ASCII art may not be the best, but it can be better than nothing, and pretty much guaranteed to be viewable if the source if viewable (accounting for both availability and rendering). Note that including a link to more in depth (and better diagrams/images) can be a good idea, but keep in mind the possibility that external resources may be unavailable, or not easily viewed.

Shamus Young has an article about comments, which starts off with an actual comment nearly fifty lines long from one of his projects. Part of that comment has a diagram used to demonstrate a hexagonal grid built from a square grid:

[...snip...]

+--|--+--|--+--|--+--|--+
   |     |     |     |
   |  .  |  .  |  .  |
  / \   / \   / \   / \
 /   \ /   \ /   \ /   \
|  .  |  .  |  .  |  .  |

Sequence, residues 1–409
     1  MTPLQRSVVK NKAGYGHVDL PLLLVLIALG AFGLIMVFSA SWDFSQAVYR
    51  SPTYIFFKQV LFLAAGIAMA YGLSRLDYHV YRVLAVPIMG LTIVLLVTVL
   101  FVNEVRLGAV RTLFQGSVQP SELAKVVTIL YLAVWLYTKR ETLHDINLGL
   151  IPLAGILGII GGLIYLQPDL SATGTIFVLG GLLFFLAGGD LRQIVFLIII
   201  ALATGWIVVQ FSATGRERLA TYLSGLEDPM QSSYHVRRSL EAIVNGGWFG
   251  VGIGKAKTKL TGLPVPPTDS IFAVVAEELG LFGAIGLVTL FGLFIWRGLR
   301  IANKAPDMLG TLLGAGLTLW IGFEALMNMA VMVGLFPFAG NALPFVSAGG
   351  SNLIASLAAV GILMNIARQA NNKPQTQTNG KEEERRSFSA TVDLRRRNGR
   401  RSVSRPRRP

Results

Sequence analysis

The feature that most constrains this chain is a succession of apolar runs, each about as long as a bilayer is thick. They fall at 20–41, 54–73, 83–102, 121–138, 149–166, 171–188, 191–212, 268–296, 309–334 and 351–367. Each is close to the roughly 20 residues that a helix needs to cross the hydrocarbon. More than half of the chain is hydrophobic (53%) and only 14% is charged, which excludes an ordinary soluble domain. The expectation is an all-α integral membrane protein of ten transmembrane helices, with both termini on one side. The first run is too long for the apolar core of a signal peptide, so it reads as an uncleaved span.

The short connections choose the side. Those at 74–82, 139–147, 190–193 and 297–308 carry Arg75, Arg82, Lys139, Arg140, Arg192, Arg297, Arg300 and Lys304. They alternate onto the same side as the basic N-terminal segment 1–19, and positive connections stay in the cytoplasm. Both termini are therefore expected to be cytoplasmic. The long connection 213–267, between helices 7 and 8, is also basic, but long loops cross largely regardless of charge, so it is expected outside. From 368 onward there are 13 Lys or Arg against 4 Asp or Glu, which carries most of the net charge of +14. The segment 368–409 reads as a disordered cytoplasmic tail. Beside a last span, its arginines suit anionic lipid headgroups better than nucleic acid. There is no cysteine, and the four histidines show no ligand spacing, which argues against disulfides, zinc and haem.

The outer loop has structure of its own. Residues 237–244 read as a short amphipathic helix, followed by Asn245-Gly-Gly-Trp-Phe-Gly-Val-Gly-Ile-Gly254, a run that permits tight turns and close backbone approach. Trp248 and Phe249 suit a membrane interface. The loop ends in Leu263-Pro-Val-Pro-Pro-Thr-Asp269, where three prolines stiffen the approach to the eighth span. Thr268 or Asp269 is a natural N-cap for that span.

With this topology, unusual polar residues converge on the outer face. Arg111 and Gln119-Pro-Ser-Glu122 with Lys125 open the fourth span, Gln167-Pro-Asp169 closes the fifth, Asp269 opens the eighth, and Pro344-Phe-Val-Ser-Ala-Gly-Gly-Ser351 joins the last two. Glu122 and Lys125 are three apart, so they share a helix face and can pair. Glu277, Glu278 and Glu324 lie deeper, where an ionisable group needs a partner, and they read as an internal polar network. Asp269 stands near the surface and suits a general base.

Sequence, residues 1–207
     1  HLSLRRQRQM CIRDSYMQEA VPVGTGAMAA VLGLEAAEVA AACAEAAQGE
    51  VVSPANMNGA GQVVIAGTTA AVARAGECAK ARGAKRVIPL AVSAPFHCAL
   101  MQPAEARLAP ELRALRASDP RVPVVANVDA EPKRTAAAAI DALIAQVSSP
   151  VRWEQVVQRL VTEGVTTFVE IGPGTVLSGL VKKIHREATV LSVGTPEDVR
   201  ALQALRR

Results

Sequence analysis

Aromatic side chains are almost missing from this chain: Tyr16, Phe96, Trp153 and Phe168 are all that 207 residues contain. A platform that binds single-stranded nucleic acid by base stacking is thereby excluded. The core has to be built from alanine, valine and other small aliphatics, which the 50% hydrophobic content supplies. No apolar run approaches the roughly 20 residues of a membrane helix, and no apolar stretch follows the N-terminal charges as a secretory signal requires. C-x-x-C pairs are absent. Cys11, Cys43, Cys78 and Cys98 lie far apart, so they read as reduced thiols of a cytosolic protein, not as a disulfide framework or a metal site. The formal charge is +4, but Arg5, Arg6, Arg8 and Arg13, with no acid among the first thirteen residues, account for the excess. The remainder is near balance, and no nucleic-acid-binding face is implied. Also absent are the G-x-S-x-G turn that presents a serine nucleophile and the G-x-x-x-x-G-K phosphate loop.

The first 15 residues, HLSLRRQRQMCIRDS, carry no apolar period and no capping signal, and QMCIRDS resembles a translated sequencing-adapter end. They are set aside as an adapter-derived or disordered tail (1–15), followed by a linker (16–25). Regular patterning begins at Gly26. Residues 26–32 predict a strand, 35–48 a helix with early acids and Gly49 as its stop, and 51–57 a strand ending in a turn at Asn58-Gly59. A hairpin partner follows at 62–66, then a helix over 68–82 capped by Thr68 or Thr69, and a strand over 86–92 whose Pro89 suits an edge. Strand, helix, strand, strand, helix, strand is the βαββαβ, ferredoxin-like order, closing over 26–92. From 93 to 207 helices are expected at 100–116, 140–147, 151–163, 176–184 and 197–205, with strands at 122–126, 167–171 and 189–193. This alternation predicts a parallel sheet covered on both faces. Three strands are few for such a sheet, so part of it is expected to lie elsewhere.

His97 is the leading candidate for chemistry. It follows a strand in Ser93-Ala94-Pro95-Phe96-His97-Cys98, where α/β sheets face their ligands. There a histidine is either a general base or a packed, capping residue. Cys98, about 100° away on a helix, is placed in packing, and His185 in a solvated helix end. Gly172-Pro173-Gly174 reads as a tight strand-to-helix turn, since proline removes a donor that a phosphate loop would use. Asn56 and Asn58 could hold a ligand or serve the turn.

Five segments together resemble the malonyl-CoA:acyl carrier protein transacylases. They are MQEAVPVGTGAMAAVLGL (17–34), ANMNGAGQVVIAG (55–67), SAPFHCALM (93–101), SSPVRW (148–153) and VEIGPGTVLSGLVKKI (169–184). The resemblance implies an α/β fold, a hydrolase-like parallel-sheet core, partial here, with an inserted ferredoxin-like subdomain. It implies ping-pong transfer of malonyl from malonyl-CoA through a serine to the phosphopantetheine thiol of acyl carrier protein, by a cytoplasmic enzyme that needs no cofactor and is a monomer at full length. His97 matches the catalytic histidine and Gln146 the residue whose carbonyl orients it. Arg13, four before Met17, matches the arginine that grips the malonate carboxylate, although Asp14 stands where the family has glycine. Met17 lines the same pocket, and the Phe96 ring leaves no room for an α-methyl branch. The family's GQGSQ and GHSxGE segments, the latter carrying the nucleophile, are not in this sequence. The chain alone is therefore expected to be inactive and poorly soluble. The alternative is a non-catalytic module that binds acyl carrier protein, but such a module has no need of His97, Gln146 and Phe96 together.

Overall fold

|     |     |     |     |
+--+--+--+--+--+--+--+--+   
   |     |     |     |
   |  .  |  .  |  .  |
  / \   / \   / \   / \
 /   \ /   \ /   \ /   \
|  .  |  .  |  .  |  .  |
|     |     |     |     |
+--+--+--+--+--+--+--+--+   
   ^ 
   |       
   +---This column gets shifted down.

[...snip...]

Try expressing that clearly in variable and function names.

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There are four classes of comments:-

  1. What the code is supposed to do.
  2. What this piece of data really means.
  3. What this weird looking bit of code is actually doing.
  4. Why we changed this piece of code.

For items 1 and 4 these should really be in separate "stanzas" at the top of the code.

Items 2 and 3 should live with the line of code they are documenting.

If you have lots of type 2 and 3 comments it may be time to look at your naming standards and coding style, as clear code is much easier to understand than alphabet spaghetti plus comments.